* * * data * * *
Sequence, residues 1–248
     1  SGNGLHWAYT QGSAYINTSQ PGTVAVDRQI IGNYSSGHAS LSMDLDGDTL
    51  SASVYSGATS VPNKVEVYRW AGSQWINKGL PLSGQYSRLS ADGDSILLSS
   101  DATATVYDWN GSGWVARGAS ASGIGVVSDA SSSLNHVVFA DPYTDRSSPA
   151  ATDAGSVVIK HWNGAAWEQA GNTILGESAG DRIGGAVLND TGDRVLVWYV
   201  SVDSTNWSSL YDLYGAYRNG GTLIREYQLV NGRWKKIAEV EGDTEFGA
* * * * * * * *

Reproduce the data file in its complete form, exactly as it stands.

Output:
Sequence, residues 1–248
     1  SGNGLHWAYT QGSAYINTSQ PGTVAVDRQI IGNYSSGHAS LSMDLDGDTL
    51  SASVYSGATS VPNKVEVYRW AGSQWINKGL PLSGQYSRLS ADGDSILLSS
   101  DATATVYDWN GSGWVARGAS ASGIGVVSDA SSSLNHVVFA DPYTDRSSPA
   151  ATDAGSVVIK HWNGAAWEQA GNTILGESAG DRIGGAVLND TGDRVLVWYV
   201  SVDSTNWSSL YDLYGAYRNG GTLIREYQLV NGRWKKIAEV EGDTEFGA